Sight Word Hop Scotch

Make learning sight words fun with a game of hopscotch. In each box on the hopscotch court, write a sight word that your children are working on recalling. When they land on a sight word, they have to call it out or lose that turn. Play this every couple of days, or once a week, and use a different set of ten sight words each time you play. What a useful and unique way to learn how to master words.

Math-Based Hopscotch

Just like sight words, you can play hopscotch while working on mathematical concepts. Here are a few ideas for incorporating math into play:

• Use hopscotch to work on multiples or factors. For example:
• Playing with multiples. Call out the number four. Kids would have to say: 8, 12, 16, 20, 24, 28, 32, 36, 40... as they hopped in and out of the squares. Do not proceed through the court if the next multiple cannot be recalled.
• Playing with factors. Call out the number 20. Kids could say "ten" when they get to the 10th square and then would say "two" when they got to the square with the marker. They can use any factor pairs of the number called, as long as the two numbers they recall can be multiplied to get the called number.
• Playing with addition, subtraction, multiplication, or division. Give kids a math problem. They play the traditional way, but when they land on the square with the marker, they have to answer the given problem or lose the turn.

Hopscotch Around the World

Hopscotch is a popular street game all over the world. Different pockets of people have their own interesting spins on the common game. While it looks different in other parts of the world, everyone seems to agree, it is a great way to spend time with friends.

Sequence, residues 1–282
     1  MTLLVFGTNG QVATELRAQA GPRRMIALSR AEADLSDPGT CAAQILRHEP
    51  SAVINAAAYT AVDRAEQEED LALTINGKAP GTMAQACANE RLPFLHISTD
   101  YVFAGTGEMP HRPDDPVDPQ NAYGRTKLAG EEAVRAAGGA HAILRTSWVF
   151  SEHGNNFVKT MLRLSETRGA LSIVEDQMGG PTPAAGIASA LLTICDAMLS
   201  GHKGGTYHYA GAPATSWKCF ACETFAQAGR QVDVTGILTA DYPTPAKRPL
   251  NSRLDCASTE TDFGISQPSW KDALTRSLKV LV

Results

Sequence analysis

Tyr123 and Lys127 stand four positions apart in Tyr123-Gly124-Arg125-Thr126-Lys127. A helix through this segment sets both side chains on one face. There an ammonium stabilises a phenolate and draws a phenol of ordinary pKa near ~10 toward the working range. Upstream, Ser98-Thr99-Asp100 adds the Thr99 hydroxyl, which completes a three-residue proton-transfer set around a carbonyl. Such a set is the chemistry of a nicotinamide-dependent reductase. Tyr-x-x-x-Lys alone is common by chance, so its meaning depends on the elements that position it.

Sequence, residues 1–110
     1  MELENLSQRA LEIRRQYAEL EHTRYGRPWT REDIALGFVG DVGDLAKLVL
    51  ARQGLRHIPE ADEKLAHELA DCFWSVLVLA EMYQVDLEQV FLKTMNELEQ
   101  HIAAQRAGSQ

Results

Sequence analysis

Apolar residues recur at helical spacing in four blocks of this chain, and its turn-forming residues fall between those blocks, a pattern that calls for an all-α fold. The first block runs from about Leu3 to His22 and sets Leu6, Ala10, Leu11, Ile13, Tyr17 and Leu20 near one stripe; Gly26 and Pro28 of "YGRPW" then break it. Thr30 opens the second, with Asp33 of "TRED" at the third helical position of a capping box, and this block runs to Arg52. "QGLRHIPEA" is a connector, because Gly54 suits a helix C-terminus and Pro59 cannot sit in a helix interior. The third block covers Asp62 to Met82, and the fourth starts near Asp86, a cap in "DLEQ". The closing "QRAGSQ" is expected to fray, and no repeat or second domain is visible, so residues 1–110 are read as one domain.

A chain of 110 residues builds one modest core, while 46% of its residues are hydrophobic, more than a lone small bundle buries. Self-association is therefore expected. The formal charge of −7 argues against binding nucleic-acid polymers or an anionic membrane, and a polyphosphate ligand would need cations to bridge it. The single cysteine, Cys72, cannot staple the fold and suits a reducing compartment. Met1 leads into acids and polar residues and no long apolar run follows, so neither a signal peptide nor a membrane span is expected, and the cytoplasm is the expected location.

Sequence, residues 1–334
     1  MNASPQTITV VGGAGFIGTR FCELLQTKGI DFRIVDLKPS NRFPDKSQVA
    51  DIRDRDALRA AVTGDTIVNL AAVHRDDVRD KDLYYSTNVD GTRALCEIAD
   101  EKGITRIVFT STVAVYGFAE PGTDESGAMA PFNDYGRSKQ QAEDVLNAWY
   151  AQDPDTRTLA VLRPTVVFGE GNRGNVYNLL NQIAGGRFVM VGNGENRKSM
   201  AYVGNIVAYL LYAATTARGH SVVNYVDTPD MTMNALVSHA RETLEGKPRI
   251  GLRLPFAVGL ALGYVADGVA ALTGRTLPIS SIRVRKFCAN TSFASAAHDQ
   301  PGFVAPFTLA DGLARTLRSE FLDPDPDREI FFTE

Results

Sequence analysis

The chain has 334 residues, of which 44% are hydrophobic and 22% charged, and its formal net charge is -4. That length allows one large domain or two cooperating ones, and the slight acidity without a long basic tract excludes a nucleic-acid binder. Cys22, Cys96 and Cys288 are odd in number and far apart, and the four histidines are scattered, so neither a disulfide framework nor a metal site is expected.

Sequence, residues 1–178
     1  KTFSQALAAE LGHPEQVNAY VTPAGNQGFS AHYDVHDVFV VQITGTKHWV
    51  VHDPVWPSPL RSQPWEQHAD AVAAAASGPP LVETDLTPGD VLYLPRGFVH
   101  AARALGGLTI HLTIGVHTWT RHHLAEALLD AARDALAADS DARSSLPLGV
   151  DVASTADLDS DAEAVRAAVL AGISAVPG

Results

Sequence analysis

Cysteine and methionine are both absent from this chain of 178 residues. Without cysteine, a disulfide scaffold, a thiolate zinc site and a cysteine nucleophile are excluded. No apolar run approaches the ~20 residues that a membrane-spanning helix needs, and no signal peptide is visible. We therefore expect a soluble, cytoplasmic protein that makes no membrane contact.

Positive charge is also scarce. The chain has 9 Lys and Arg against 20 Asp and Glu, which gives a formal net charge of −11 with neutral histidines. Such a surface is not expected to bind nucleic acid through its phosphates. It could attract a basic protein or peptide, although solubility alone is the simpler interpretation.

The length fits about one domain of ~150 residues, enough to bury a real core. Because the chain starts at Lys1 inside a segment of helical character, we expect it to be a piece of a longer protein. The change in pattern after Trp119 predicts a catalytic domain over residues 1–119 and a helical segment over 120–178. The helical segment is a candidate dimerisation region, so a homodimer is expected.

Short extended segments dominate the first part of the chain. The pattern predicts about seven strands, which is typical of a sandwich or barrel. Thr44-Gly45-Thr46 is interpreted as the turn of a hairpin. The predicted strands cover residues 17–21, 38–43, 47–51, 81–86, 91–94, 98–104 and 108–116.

Australian Hopscotch

Hopscotch in Australia is played in three stages, with each stage getting progressively more difficult. The first stage is played by traditional rules. The second stage, known as "jumps," challenges players to jump in and out of squares with both feet. The third stage is called "peevers." Again, both feet are needed to complete the jumps, but they must be crossed in this round.

French Hopscotch

French hopscotch is called Escargot. The court winds around itself and resembles a snail shell. It is much harder to hop through this court because of the circling pattern.

Persian Hopscotch

The version of hopscotch that Persian kids in Iran play is called Laylay. This version uses an even number of squares placed side-by-side.

Enjoy the Versatile Game of Hopscotch

The great thing about this simple, classic playground game is it can be revamped and spruced up to be made into something entirely new every time you play it. The game itself addresses gross motor skills, and with creativity, parents can work in academic skills as well. Hopscotch is a tried and true game that kids have played for hundreds of years, and it belongs in every family's game rotation.

7 Ways to Play Hopscotch Indoors or Outdoors